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Neurotoxicities in the treatment of HIV between dolutegravir, rilpivirine and dolutegravir/rilpivirine: a meta-analysis
  1. Anthony Allen Reeves1,
  2. Andrea V Fuentes1,
  3. Joshua Caballero1,
  4. Jennifer E Thomas1,
  5. Juan F Mosley II1,
  6. Catherine Harrington2
  1. 1Department of Clinical and Administrative Sciences, Larkin University College of Pharmacy, Miami, Florida, USA
  2. 2Lloyd L Gregory School of Pharmacy, Palm Beach Atlantic University, West Palm Beach, Florida, USA
  1. Correspondence to Dr Anthony Allen Reeves, Department of Clinical and Administrative Sciences, Larkin University College of Pharmacy, Miami, FL 33169, USA; a.allenreeves13{at}gmail.com

Abstract

Objective To assess the risk of neuropsychiatric adverse effects (ie, depression, anxiety, insomnia, dizziness, suicidal behaviour) among patients treated with rilpivirine, dolutegravir and dolutegravir/rilpivirine.

Design This is a systematic review and meta-analysis of randomised controlled trials. Quality of evidence was assessed using Jadad scoring system.

Data sources Three electronic databases were searched for available publications up to 1 May 2020. Searches included relevant studies, trial registers, conference proceeding abstracts and grey literature.

Inclusion criteria Randomised controlled trials with data focused on adult participants (ie, 18 years of age or older) receiving dolutegravir 50 mg, rilpivirine 25 mg or combination of dolutegravir 50 mg/rilpivirine 25 mg once daily.

Results Twenty studies with a minimum duration of 48 weeks and average Jadad score of 4 were included (n=10 998). Primary objective demonstrated a relative risk (RR) synergistic effect on depressive symptoms for dolutegravir/rilpivirine (RR=2.82; 95% CI (1.12 to 7.10)) when compared with dolutegravir (RR=1.10; 95% CI (0.88 to 1.38)) and rilpivirine (RR=1.08; 95% CI (0.80 to 1.48)). Secondary objectives showed no difference between dolutegravir, rilpivirine and dolutegravir/rilpivirine to efavirenz. Additionally, excluding efavirenz studies, dolutegravir and dolutegravir/rilpivirine yielded increased depression (RR=1.34; 95% CI (1.04 to 1.74)).

Conclusion The combination of dolutegravir/rilpivirine appears to increase the risk of depressive symptoms. Despite the increase, the clinical significance is unknown and needs further study. Additionally, neurotoxicity risk appears similar between dolutegravir, rilpivirine and dolutegravir/rilpivirine antiretroviral therapy when compared with efavirenz-based antiretroviral therapy.

  • anti-retroviral agents
  • HIV
  • patient care management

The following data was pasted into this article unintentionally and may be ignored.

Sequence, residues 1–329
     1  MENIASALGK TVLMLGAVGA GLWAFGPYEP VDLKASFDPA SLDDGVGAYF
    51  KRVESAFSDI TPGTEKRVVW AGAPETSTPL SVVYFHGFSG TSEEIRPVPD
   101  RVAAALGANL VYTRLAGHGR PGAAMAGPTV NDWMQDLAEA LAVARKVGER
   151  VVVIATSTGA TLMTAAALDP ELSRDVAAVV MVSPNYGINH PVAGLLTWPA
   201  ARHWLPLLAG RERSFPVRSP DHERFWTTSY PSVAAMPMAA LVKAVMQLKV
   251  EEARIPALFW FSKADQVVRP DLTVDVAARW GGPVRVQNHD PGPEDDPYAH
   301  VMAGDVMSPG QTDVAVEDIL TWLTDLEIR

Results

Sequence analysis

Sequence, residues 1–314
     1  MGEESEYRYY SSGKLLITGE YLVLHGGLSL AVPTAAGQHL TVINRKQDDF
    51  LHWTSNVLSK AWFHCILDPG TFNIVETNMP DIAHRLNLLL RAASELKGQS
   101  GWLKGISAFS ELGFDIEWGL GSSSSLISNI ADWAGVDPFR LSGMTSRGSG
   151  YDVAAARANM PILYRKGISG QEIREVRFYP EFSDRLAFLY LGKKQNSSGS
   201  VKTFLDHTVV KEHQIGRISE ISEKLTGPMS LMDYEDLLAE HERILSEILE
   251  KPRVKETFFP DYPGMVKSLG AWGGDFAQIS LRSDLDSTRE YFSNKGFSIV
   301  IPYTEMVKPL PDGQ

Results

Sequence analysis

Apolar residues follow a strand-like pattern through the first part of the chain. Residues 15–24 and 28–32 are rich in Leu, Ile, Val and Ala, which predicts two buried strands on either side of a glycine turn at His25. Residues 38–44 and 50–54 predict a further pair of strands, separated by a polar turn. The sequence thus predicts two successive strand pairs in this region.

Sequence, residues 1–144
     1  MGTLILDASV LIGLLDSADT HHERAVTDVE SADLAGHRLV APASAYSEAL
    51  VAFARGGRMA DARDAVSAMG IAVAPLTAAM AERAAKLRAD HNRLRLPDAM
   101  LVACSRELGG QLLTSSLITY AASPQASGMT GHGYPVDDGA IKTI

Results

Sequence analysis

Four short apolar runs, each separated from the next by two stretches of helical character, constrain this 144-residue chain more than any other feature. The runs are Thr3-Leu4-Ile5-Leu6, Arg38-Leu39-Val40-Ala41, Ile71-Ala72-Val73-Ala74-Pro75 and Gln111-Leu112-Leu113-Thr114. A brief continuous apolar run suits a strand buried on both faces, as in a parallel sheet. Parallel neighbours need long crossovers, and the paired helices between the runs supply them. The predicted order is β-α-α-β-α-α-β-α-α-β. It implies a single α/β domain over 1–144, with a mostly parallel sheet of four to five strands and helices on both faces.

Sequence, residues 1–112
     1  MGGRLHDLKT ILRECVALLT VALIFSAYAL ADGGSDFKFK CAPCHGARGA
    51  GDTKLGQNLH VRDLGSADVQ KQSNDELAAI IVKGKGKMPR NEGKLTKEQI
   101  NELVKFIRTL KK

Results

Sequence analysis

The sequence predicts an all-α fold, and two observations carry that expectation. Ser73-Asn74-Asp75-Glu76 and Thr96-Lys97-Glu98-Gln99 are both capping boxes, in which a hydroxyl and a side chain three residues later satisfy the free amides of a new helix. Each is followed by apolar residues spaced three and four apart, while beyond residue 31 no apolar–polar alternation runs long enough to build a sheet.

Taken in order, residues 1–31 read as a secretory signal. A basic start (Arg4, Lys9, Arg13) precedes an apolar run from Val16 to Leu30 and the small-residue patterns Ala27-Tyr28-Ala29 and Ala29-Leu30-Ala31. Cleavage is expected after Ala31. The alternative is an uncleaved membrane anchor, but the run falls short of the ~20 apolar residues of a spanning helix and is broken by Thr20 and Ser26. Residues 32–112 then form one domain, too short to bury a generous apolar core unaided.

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Footnotes

  • Handling editor Laith J Abu-Raddad

  • Contributors AAR developed the research question and methods section, and developed the search strategy. AAR and AVF selected eligible studies during the title/abstract screening and full-text evaluation. AAR and AVF extracted data from the included studies and appraised the quality of the evidence. JC, JET and JFM reviewed data extraction and appraisal of evidence. AAR and CH coordinated RevMan V.5.3 implementation. AAR entered extracted data into RevMan V.5.3 and interpreted/analysed the data. AVF, JC, JET and JFM double-checked data entry into RevMan V.5.3 and reviewed data interpretation. CH was involved in cases of dissent with respect to extracted data/evaluations, and participated in analysing and interpreting the data. AAR developed the draft of the manuscript. AVF, JC, JET, JFM and CH contributed to the final editing of the draft. AAR and JC coordinated contributions of the coauthors and compiled the final draft.

  • Funding The authors have not declared a specific grant for this research from any funding agency in the public, commercial or not-for-profit sectors.

  • Competing interests None declared.

  • Provenance and peer review Not commissioned; externally peer reviewed.

  • Supplemental material This content has been supplied by the author(s). It has not been vetted by BMJ Publishing Group Limited (BMJ) and may not have been peer-reviewed. Any opinions or recommendations discussed are solely those of the author(s) and are not endorsed by BMJ. BMJ disclaims all liability and responsibility arising from any reliance placed on the content. Where the content includes any translated material, BMJ does not warrant the accuracy and reliability of the translations (including but not limited to local regulations, clinical guidelines, terminology, drug names and drug dosages), and is not responsible for any error and/or omissions arising from translation and adaptation or otherwise.

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